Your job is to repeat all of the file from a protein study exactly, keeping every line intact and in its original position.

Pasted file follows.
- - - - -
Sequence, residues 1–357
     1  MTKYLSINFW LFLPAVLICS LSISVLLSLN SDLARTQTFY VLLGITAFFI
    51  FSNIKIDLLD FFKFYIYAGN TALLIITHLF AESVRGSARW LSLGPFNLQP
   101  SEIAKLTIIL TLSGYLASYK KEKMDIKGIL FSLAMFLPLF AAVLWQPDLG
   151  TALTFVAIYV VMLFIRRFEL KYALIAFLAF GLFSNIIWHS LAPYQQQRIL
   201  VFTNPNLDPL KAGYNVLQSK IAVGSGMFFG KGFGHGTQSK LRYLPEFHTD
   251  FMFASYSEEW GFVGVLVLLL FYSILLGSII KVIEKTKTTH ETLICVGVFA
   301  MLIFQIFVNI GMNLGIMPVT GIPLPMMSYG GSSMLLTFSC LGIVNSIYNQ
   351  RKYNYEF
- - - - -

Sequence, residues 1–357
     1  MTKYLSINFW LFLPAVLICS LSISVLLSLN SDLARTQTFY VLLGITAFFI
    51  FSNIKIDLLD FFKFYIYAGN TALLIITHLF AESVRGSARW LSLGPFNLQP
   101  SEIAKLTIIL TLSGYLASYK KEKMDIKGIL FSLAMFLPLF AAVLWQPDLG
   151  TALTFVAIYV VMLFIRRFEL KYALIAFLAF GLFSNIIWHS LAPYQQQRIL
   201  VFTNPNLDPL KAGYNVLQSK IAVGSGMFFG KGFGHGTQSK LRYLPEFHTD
   251  FMFASYSEEW GFVGVLVLLL FYSILLGSII KVIEKTKTTH ETLICVGVFA
   301  MLIFQIFVNI GMNLGIMPVT GIPLPMMSYG GSSMLLTFSC LGIVNSIYNQ
   351  RKYNYEF